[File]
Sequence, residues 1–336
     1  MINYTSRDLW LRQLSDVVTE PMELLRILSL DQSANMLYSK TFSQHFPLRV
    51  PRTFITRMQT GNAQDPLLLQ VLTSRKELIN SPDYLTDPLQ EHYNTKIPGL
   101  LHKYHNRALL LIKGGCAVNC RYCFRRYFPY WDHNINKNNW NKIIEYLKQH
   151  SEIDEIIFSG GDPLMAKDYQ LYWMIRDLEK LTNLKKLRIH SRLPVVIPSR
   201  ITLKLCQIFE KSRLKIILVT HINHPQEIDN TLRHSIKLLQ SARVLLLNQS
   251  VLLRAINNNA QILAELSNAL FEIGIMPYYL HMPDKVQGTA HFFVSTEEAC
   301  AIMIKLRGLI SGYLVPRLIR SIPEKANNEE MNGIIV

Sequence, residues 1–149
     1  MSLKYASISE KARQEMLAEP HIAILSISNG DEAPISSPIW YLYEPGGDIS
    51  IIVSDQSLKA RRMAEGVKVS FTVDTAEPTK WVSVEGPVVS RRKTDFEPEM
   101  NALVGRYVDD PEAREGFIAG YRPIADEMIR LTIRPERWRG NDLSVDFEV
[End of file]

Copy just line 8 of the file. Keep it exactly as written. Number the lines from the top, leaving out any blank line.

   301  AIMIKLRGLI SGYLVPRLIR SIPEKANNEE MNGIIV